Have you been at your job for longer than you ever imagined? Most people with long careers have changed several jobs, moving up the ladder and sideways, chasing their dream position, office or team. You spend a third or more of your day at your job, so it’s quite important that you are satisfied with it and that you feel good while doing it. But if you’ve had a worm in your head for a while, telling you that you should look at a career change, these are the signs that will confirm your suspicions and help you let go:
Obligation as the main motivator
If you are constantly talking yourself into staying at your workplace because you can’t imagine how your team, work group or department will cope without you, or because you’ve been with the firm for a long time and feel like you owe them to stay, you should probably leave. As much as we like to think so, nobody is indispensable, and if your team was working well before, they will work well with a new member as well. And as for the company, you have given them all you have for all the years you’ve been there. No matter how well you know your boss and how many times you’ve been employee of the month, you should never feel like leaving the company is not an option. And if you like your company, but aren’t happy with your position, you can start negotiating about moving to a different job within the company.
You feel like your skills are underutilized
If you are giving your all to your job, meeting the quotas and requirements with ease, but still feel like you are not reaching your maximum potential, there’s something wrong. Perhaps your skills were a perfect fit for the job when you started, but as you’ve improved, you’ve outgrown your position. You can try modifying your work so it is more challenging (with the compensation to match, of course), or seek a job that will make you dust off the gears in your head. A job that doesn’t push you to learn more and become better is not a job you should be doing.
You’re scared of not finding a new job
People often stay at their jobs for much longer than they should out of fear that they won’t be able to find a new job quickly enough, and that their savings will run out. But that isn’t something you should be afraid of. You can start to work from home and earn money online while still at your job to increase your savings, and have something to fall back on through the period of finding a new job. There are plenty of jobs you can look at that have flexible times that you can fit into your schedule. Or, you can start searching in advance, and not quit your job until you’ve found a suitable replacement.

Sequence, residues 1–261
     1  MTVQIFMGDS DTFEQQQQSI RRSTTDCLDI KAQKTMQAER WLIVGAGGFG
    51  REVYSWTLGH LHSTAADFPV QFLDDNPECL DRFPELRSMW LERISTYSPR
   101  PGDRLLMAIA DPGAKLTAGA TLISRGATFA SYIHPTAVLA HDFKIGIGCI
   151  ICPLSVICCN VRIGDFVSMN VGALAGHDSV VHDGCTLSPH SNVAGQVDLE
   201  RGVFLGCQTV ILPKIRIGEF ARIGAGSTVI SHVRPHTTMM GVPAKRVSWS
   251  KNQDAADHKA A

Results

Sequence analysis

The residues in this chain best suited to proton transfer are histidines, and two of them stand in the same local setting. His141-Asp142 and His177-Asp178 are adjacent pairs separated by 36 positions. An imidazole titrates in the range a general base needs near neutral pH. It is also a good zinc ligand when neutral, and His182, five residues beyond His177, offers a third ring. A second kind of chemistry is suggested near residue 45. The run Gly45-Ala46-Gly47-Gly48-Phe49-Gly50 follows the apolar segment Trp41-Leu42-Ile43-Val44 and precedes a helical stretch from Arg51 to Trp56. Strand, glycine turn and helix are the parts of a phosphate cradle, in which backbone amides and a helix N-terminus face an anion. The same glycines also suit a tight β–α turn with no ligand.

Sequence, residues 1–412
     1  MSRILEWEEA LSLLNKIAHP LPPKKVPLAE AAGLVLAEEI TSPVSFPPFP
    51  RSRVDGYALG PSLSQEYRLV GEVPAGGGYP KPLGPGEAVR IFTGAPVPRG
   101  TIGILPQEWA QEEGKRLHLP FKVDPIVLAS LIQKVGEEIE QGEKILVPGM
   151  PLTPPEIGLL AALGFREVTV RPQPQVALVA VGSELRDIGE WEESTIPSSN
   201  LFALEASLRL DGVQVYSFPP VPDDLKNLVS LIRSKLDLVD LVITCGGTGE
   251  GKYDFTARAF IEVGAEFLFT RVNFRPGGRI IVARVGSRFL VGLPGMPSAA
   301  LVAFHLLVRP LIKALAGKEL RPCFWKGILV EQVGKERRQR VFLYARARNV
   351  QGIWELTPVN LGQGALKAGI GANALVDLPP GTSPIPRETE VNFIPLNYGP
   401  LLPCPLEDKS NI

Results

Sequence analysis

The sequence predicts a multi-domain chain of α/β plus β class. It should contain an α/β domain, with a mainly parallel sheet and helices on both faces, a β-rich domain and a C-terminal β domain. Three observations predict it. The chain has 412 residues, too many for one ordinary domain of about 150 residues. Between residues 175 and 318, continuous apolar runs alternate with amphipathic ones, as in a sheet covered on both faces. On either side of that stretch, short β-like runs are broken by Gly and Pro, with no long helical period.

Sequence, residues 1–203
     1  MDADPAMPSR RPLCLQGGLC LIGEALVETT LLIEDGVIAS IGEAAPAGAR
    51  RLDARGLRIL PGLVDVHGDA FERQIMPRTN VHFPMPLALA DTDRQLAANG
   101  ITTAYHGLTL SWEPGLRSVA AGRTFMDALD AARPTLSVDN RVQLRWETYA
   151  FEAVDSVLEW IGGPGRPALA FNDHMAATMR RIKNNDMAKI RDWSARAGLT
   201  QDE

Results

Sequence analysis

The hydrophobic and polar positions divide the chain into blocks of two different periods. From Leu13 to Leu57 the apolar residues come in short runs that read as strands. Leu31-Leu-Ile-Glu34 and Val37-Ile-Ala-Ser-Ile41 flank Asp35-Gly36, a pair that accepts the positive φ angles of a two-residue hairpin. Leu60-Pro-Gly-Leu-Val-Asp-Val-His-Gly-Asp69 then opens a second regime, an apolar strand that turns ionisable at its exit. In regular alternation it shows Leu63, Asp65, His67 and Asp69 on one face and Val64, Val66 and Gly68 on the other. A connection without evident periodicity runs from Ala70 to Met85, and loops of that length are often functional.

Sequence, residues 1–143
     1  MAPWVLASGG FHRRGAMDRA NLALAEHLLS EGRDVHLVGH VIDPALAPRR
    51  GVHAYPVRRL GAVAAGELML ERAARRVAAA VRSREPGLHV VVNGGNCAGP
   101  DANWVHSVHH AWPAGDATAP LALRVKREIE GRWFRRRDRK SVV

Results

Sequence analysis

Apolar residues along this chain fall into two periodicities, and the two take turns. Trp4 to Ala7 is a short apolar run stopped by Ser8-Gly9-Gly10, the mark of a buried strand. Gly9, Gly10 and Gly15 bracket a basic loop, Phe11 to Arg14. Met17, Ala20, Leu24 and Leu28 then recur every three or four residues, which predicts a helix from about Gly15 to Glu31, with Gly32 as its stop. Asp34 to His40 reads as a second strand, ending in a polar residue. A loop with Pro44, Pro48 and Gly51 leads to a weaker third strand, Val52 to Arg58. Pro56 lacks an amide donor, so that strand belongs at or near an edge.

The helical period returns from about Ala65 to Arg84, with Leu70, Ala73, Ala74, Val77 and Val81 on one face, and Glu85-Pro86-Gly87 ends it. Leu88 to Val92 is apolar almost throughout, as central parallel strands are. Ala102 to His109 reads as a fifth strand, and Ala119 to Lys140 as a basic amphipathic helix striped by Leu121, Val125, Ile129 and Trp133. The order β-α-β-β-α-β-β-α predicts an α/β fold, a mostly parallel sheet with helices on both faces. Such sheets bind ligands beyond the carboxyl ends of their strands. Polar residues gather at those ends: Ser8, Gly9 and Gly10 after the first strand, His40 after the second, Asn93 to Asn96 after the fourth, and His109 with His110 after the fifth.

You don’t feel motivated or happy
Remember your first day on the job. You were probably quite nervous, but also excited. And as time passed, your nerves calmed down, but your motivation and hunger have remained, and maybe even grown. But if you don’t feel that motivation anymore, if you wake up in the morning and go to work just because you have to, then it might be time to admit that your job doesn’t bring you joy. And as they say, life is too short to do a job that doesn’t make you happy.
Your environment is toxic
Doing the job you love doesn’t mean much if you are in an environment that doesn’t make you feel good. If you greet your coworkers every morning thinking that you’d rather see anyone else in the world than have to sit with them for another day, you are not in the right place. Having people whom you can rely on, whom you respect and whom you enjoy working with is crucial for your happiness and productivity. No job is only done in a single company, and you can find a job in your niche in a company where you will have colleagues that suit you better. And if you simply don’t enjoy working with other people, you can try working from home or finding a place where you can work from your own office.
Quitting a job is never easy, but when you start putting your health, happiness and success first, you will see that you have a lot more to gain than you’d ever have to lose, so think long and hard, and then make the best choice for yourself.
By Peter Minkoff